Listening to twigs made me finally see in plain sight what I had been through and look at why the relationship had taken me much longer than others to heal from. It also helped me understand that many of the types of behaviour I experienced are really common and can be recognised again. 

If something seems too good to be true at the start, there’s a chance it is

You may have heard of the term ‘love bombing’. I had, vaguely, but I didn’t really understand what it meant. I met Andrew* in the summer of 2017 and immediately our relationship took off. As twigs describes, he love bombed me right from the start.

He would meet me from work with surprise bottles of wine and flowers, buy me gifts and read poetry to me. He reinforced positive affirmation about the way I looked using lots of compliments and compared me favourably to other relationships he had been in.

While this was lovely in one sense, it did seem a bit over-the-top sometimes. Within four weeks he had told me he loved me and animatedly insisted that he had never felt like this before and I was the person he wanted to marry. I ignored my instincts and became addicted to the attention. I liked feeling so loved and special.

FKA twigs references this intense honeymoon phase when talking to Theroux and explained how love bombing sets the bar for how good things could be. “A sign of abuse, in my experience, can be an intense honeymoon period in the beginning,” she says.

“It is a signifier of how brilliant things can be. It sets the benchmark for if you behave well and meet the requirements of the abuser, that the relationship can be great. [I experienced] lots of big gestures, love words, happy times, great dates,. It’s being told you’re amazing and put on a pedestal. That’s very common in the beginning of an abusive relationship.”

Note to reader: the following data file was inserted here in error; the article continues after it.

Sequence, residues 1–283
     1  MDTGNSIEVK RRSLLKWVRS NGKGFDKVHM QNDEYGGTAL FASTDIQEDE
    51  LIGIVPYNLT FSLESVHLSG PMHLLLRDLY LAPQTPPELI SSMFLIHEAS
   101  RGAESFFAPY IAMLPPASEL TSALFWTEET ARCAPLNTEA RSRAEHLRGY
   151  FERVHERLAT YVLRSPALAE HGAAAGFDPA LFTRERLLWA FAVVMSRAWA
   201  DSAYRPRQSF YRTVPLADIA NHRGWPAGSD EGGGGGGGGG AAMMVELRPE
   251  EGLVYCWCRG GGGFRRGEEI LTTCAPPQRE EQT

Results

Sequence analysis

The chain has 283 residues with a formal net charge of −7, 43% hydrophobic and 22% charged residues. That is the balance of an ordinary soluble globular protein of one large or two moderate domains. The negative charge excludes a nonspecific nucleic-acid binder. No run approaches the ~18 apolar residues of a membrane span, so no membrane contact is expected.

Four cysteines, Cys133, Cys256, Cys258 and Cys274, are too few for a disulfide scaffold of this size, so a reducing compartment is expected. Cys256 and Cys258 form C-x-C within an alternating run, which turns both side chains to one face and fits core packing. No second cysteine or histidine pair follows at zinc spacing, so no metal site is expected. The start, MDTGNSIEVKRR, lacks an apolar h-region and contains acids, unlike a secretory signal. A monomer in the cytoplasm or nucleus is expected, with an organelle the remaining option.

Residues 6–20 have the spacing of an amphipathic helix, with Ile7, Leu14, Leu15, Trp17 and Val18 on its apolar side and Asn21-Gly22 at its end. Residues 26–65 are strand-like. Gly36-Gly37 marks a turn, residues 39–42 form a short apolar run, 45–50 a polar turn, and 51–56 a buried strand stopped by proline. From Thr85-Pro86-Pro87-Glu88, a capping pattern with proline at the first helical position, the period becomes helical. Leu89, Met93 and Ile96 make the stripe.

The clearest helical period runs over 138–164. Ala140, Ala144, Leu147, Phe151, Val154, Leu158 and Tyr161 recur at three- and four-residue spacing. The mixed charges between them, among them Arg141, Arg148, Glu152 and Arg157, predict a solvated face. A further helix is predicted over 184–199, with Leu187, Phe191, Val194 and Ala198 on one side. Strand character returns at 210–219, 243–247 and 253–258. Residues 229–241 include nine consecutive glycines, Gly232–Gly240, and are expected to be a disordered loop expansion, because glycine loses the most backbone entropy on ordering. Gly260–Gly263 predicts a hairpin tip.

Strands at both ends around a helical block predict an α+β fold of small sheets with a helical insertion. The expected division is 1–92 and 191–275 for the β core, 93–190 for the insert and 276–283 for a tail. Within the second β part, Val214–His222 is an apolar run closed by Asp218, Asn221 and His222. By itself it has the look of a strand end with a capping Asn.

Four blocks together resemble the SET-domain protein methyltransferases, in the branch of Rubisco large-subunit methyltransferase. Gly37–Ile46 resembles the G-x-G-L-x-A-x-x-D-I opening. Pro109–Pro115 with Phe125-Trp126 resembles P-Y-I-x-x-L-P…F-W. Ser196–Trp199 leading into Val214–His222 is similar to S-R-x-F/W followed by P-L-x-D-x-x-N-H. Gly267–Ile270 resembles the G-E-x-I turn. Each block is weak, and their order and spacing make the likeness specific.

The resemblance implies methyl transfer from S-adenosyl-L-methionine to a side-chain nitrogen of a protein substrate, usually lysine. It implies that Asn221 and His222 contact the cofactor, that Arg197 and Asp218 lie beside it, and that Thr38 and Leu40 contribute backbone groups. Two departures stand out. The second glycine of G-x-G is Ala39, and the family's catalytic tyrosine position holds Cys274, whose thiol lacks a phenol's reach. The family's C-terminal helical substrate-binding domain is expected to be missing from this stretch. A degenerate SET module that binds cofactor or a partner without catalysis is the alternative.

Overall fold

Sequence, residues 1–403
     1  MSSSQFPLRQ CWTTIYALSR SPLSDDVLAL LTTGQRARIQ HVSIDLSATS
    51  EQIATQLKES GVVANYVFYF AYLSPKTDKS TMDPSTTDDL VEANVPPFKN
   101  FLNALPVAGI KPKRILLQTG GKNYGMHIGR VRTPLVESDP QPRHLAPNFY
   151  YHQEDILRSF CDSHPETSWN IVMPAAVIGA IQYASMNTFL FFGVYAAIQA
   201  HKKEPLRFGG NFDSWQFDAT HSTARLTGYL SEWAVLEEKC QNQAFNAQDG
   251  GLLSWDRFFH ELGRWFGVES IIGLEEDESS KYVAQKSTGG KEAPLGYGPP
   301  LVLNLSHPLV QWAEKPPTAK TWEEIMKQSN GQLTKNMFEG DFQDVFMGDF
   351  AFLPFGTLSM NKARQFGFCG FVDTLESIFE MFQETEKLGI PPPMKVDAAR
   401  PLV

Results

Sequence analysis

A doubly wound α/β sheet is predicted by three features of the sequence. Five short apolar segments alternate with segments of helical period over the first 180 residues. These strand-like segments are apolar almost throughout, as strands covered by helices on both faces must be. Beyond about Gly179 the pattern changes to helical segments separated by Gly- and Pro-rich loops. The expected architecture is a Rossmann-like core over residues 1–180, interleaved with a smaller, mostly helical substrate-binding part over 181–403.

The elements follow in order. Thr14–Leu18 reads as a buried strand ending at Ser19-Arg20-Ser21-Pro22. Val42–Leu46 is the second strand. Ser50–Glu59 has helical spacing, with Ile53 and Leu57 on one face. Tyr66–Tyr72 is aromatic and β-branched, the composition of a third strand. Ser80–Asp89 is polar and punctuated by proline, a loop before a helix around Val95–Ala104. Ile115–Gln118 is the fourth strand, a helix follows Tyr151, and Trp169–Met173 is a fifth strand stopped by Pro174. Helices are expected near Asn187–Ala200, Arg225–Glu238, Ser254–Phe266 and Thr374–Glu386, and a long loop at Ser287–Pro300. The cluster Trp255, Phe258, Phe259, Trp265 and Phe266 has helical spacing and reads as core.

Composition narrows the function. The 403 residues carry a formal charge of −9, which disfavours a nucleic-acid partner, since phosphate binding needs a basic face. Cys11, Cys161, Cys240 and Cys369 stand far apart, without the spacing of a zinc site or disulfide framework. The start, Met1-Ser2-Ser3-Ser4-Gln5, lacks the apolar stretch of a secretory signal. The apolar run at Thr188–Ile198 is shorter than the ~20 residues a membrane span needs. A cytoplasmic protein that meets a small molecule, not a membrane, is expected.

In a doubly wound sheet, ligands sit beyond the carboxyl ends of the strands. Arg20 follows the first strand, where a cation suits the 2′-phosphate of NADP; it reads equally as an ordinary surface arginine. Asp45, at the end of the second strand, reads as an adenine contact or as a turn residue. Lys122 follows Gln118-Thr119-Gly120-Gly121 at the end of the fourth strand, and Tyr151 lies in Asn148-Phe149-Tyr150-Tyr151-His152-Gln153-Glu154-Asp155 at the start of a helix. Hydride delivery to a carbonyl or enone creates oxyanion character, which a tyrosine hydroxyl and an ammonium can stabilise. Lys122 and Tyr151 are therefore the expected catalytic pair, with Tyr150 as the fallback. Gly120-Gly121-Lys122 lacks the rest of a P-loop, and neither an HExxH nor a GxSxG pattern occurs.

Woman alone with her thoughts

Control takes hold slowly so that you become normalised to it

While recording his podcast, Theroux asked twigs the big question: “Why didn’t you leave?” “It’s a fair question for you to ask that,” she replied. “But this is something I want to tackle. Why are we asking women why they didn’t leave, instead of asking abusers why they kept someone captive?”

The woman I spoke about at the beginning of this article doesn’t exist. There is no abuse-proof woman with a glittering life and while there are people with helpful support networks who might notice red flags in a relationship, the way an abuser often slips through the net is because their behaviour develops very, very slowly.

Looking back now I can’t believe that I didn’t leave the first time we had an argument and he started punching the wall next to my head. Or, the time that I asked him how work was and he twisted my words into an accusation of his unfaithfulness, causing him to scream, shout, cry and actually lie on the floor of a restaurant, shouting: “You don’t love me!” Then there was the time I complimented a woman’s dress and he wouldn’t speak to me all evening, claiming that I was flirting with her.

But, by the time he had started reacting in this ridiculous, unfathomable, disturbing way, I already believed myself to be in love. And, because these times were interspersed with euphoric highs, I put them down to a passionate character or him just needing more reassurance.